Here's my first page of Kenya tribes. Scroll down for the other pages.
This Kenya tribe is also frequently called the "Boni", thought the correct name for these people is Aweer. The Aweer is a small and very isolated tribe found by the coast of Kenya, near the border with Somalia. There are only around 4,000 Aweer people left. This Kenya tribe is best known for its unusual practice of using semi-domesticated birds to find honey, with whistling signals. The Aweer are mostly Muslim, like other coastal tribes. Their remote territory is heavily wooded and the tribe are traditionally hunter-gathers, rather than the typical Kenyan cattle herders.
The Bajuni territory is mainly along the coast in Somalia, but with some villages in northern Kenya. The islands in the Indian Ocean near Kismayo are mainly populated with Bajuni people. Naturally, their traditional way of life is as fishermen and sailors. Their language is called Kibajuni, and it is very similar to the popular Swahili of the region. These people are very isolated, and there are between 4,000 and 10,000 of them left.
The Bukusu are actually a sub-group of the larger Luhya tribe, living near Mount Elgon in the Western Province of Kenya. They are an agricultural people who live in extended family groups, with husbands traditionally having more than one wife. This Kenya tribe keeps large herds of cattle for food and as measures of wealth. Unlike many other pastoral tribes, the Bukusu are not nomadic and live in permanent villages. Compared to the rest of the Luhya tribe, the Bukusu people live the most traditionally and have not accepted many modern changes to their way of life. Former Kenyan vice-president, Michael Wamalwa Kijana is from the Bukusu tribe. The tribe is often politically active, particular with the FORD-Kenya party.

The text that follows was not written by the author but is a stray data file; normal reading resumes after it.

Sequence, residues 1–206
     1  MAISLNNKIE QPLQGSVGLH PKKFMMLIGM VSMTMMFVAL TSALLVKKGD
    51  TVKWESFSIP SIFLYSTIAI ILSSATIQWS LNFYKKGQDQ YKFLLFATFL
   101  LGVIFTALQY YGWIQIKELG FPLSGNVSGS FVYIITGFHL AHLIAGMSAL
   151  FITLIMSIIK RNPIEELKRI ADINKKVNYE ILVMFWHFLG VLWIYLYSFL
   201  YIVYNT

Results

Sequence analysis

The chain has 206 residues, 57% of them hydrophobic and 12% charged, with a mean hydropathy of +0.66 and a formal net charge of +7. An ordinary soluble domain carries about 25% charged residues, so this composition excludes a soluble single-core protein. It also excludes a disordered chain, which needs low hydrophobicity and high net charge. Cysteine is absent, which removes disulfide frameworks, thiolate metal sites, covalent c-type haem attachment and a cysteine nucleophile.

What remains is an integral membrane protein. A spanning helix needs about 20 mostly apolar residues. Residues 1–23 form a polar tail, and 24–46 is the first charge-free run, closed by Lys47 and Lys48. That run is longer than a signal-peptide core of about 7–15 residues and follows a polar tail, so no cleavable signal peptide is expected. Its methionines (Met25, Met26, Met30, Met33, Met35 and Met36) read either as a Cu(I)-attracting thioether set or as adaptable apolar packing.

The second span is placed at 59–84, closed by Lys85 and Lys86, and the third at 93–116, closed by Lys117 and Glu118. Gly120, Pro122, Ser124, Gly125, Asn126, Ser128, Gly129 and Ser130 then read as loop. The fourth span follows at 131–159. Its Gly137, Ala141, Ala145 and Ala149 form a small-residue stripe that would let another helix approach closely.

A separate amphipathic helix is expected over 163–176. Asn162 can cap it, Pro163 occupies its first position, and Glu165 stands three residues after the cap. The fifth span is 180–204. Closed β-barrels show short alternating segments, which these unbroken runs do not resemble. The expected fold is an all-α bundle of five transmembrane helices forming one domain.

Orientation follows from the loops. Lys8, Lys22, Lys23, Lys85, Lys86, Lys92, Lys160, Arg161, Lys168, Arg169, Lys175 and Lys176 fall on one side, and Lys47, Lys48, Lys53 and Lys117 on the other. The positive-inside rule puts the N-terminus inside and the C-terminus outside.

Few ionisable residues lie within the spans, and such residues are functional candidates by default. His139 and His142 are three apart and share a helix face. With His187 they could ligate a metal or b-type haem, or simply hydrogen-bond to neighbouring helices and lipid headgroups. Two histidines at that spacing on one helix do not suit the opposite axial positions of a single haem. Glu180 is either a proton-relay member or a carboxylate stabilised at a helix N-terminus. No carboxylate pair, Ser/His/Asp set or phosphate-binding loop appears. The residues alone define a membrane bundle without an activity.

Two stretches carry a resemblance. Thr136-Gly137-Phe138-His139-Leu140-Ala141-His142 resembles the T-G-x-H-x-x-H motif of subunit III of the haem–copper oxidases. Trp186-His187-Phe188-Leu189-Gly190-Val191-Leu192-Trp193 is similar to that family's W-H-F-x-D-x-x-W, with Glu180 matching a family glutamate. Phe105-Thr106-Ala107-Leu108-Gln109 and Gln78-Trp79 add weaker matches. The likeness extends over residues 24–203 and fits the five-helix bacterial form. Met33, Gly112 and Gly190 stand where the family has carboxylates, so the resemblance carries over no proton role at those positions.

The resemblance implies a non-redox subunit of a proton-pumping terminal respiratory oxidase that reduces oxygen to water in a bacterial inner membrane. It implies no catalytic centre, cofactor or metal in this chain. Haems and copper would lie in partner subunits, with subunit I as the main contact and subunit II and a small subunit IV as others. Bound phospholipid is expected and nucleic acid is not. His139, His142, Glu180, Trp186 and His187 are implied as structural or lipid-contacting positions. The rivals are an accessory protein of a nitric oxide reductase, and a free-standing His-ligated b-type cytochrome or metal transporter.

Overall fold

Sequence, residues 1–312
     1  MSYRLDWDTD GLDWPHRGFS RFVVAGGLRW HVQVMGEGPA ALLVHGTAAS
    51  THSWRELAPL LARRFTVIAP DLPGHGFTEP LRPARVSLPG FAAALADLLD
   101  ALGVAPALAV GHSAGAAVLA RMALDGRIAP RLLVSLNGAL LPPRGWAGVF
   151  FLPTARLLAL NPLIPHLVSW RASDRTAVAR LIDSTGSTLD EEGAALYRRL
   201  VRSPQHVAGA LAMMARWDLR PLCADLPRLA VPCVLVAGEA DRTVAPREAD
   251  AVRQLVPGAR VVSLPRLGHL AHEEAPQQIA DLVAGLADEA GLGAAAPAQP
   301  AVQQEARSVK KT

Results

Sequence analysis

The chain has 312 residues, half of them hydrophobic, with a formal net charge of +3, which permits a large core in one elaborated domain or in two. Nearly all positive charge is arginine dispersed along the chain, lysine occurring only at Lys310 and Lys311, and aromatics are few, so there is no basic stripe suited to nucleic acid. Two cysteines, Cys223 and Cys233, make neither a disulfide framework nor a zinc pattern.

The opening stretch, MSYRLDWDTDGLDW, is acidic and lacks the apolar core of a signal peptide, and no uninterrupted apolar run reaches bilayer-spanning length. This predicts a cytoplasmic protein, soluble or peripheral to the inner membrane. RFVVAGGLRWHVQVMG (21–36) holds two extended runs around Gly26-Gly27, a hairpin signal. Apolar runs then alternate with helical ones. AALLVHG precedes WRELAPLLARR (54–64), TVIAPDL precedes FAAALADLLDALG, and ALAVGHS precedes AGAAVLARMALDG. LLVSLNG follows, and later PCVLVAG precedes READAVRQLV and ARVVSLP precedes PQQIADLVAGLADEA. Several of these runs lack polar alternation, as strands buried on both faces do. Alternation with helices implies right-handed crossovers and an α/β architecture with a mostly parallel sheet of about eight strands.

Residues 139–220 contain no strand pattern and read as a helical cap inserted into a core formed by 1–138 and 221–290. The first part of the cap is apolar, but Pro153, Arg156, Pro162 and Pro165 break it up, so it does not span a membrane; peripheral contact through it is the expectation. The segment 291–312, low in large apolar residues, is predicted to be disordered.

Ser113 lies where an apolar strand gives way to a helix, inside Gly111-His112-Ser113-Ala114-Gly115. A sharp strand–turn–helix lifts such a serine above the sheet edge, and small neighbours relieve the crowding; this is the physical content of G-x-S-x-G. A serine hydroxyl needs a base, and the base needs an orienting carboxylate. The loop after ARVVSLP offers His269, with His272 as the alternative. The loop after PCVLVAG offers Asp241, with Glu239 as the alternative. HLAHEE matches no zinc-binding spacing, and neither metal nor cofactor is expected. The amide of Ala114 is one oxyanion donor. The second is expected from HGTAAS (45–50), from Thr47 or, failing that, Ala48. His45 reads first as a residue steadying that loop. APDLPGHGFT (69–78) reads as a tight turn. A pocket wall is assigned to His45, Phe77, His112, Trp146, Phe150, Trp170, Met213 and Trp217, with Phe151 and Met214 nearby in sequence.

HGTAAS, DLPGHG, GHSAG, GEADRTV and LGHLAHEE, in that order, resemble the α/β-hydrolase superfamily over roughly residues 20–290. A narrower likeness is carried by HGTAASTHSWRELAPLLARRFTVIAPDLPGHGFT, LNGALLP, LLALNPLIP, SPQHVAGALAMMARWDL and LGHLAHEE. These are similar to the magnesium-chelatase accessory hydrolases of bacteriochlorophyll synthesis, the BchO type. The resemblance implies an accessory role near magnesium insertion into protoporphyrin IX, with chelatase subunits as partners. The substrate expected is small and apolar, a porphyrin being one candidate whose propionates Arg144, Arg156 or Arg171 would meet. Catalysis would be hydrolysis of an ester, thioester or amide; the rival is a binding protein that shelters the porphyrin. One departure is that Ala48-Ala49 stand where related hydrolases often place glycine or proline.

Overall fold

The Dahalo tribe has diminished almost to extinction, with its people living among the Swahili and other coastal tribes, but with no real communities or territory of their own. The language of the Dahalo is very unusual, and has clicking sounds seldom seen in spoken languages. Only around 400 people are still able to speak it, and it is unlikely that children are still being taught the Dahalo language of this Kenya tribe.
The Embu tribe numbers around a half million people, and their territory is located on the south-east side of Mount Kenya. In the past, they grew crops for their own use, but today they use their fertile mountain lands for growing cash crops instead. Circumcision is an important coming-of-age rituals, that is done for both girls and boys. The Embu don't have a warrior generation like some other tribes do. Though most Embu are Christians now, their traditional beliefs held that god, Ngai, lived on the top of their mountain. The closely related tribe of the Mbeere believed the same thing. - More about the Embu tribe
Related pages:List of tribes - I to K
List of tribes - L to M
List of tribes - O to R
List of tribes - S
List of tribes - T to Z
Tribes of Kenya - Introduction
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